Our goal should always be to strengthen the imperfect communion that already exists in the hope that non-Catholics will come to see and come to seek the fullness of truth.

Q: Have you been surprised at the level of response to your document, and how do you explain the criticism you have received, even privately from fellow bishops?

Bishop O'Donoghue: Yes, I have been surprised both by the approval and the hostility that "Fit for Mission? Schools" and "Fit for Mission? Church" have caused in my diocese, nationally and internationally. All I have done is reiterate and explain the teachings of the Church as expressed in the documents of the Second Vatican Council and the Catechism of the Catholic Church.

Many read the documents as my attempt to turn the clock back. This is not my intention at all. What this dismissive response reveals is my critic's rejection of a fundamental component of Catholicism — a living and creative engagement with the Tradition of the Church. One of the obstacles to the New Evangelization that we must challenge is this "poverty of imagination" regarding the communication of the fullness of the faith.

One of the purposes of both of my documents is to encourage an open debate among clergy and catechists about the nature and methodology of catechesis and theology. For the past 40 years we have witnessed a tendency toward Church doctrine being reduced to a secondary source, with primacy given to personal experience and secular methodologies.

Like Pope John Paul II and Benedict XVI, I want to make the case for re-asserting the primacy of the Deposit of Faith. Challenging established practice always results in argument and controversy, but such free and open discussion is healthy for the Church.

Also, one of the strengths of collegiality is that the Church benefits from a rich multiplicity of insights from the bishops. I, personally, have always appreciated the open and frank discussions in which I have participated with my brother bishops of England and Wales and elsewhere. We are not like the British Cabinet [in government] that insists that ministers don’t express different points of view in public.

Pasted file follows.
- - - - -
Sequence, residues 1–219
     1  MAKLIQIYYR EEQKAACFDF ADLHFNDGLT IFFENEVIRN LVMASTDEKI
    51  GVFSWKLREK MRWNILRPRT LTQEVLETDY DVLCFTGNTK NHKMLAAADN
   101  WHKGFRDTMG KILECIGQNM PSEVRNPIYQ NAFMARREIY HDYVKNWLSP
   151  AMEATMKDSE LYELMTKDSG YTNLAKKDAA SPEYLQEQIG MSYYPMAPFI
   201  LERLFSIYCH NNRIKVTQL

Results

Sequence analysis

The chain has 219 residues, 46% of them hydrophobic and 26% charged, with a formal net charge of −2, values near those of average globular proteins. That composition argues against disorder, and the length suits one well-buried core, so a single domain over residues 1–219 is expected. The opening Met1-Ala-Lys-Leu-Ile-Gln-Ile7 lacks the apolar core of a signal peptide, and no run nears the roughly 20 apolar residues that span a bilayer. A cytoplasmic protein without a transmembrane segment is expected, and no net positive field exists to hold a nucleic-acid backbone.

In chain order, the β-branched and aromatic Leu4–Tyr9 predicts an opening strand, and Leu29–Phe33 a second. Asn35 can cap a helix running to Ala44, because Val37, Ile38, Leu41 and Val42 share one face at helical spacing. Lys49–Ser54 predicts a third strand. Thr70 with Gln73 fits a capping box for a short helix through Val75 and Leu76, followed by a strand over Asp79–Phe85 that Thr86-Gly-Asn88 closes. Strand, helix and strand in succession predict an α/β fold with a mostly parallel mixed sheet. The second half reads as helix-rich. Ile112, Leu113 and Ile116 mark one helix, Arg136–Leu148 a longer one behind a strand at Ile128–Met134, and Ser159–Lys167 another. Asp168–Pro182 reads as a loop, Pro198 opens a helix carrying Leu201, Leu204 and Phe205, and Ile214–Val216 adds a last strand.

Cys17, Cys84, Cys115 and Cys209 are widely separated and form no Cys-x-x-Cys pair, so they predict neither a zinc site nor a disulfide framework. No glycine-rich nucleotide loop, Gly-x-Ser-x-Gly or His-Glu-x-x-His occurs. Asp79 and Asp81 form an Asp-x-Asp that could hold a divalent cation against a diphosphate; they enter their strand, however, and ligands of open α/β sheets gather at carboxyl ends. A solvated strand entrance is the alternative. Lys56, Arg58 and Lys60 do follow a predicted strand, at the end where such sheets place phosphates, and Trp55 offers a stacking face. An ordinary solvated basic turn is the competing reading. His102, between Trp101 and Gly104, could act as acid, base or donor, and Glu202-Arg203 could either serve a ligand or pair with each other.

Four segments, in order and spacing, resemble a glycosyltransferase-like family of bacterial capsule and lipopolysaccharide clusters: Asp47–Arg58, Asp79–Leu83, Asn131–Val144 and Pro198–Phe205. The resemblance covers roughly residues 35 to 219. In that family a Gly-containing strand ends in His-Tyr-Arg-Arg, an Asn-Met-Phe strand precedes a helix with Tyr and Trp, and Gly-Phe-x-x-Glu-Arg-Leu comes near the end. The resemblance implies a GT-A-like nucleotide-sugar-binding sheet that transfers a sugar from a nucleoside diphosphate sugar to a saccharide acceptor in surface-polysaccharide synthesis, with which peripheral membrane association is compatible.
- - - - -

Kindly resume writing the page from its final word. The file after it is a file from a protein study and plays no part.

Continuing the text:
We grow as a Church when we have an open exchange of insights and experiences as bishops that involves all the people of God. Sometimes this involves criticism and challenge, but we should never be afraid of genuine criticism, as it's a sign of mature friendship.

Q: How hopeful are you for a Catholic renewal in England and Wales, and what is the key condition for this to come about?

Bishop O'Donoghue: Blessed Mother Teresa of Calcutta once advised, "Don't let anything make you so sad that you forget the resurrection of the Lord." Yes, it is easy sometimes to become despondent about the state of the Church in England and Wales, but if, during these times of temptation, we remember the Resurrection we soon realize that anything is possible if we are open to the grace of our Risen Lord.

The principle challenge, from which many of the other challenges spring, is the rejection of obedience in the Church, due to the modern emergence of a secularist-minded people. The idea of obedience and humility toward God's truth are totally alien to many in this age of assertive individualism.

During this time of relativism we need all Catholics to be enthusiasts for the beauty, goodness and truth of the deposit of faith. To avail ourselves of the riches of God's doctrine we must not approach it with the attitude of consumers, who pick and choose according to taste and personal comfort. We must allow the word of God to judge and challenge us, and sometimes this is hard and uncomfortable.

I am convinced that we will only have a Catholic renewal in this country if clergy and laity, including the bishops, wholeheartedly accept obedience to the fullness of doctrinal, moral and liturgical truth as entrusted to, and protected by, the Successor of St. Peter.

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On the Net:

The Catholic Truth Society's expanded edition of "Fit for Mission? Church":